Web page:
Cows are always telling us how they are doing. Whether we understand what they are telling us is an entirely different matter. The CowSignals® system of evaluating cows is an excellent tool to help understand what the cows are telling you in terms of good or poor housing and feed management. CowSignals should resonate with graziers because the concept is based entirely upon knowing what is normal for cows in pasture and providing nearly the same experience for the herd while it’s in the barn. In this system, six key areas are evaluated in a checklist manner after farmers attend a slide show and are shown examples of what makes for healthy cows and what does not.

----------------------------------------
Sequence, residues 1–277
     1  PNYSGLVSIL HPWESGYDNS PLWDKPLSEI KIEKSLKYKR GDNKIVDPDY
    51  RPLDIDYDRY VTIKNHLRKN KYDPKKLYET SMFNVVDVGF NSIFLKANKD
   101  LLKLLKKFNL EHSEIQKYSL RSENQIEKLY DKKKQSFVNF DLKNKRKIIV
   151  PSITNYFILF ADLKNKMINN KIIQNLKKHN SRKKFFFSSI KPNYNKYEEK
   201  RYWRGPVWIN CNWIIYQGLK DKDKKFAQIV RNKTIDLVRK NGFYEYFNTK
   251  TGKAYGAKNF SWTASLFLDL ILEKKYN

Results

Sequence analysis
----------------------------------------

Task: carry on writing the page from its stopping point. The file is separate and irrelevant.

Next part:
The goal of CowSignals is to increase milk production by providing what the cows need while in the barn. The six factors that are evaluated are: 1) feed; 2) water; 3) light; 4) air; 5) rest; and, 6) space.

Do individual cows get enough space? Are they lying down long enough during the day? Are they displaying air-seeking behavior? Is there enough light while not giving too much? Is the water easy to reach and is it clean? Is feed available 24 hours a day? These and many more questions that are asked in a checklist format will tell you if your wintertime barn conditions are enabling (or hindering) good milk production.

Lactating cows always need clean and dry udders. There are various grading systems to score cleanliness of udders, whether the cows are in the barn or grazing. Put simply, if you feel that you don’t need to clean your cows’ teats prior to milking (because they are very clean), then you know that your cows have enough clean bedding and that manure is being cleaned away frequently enough.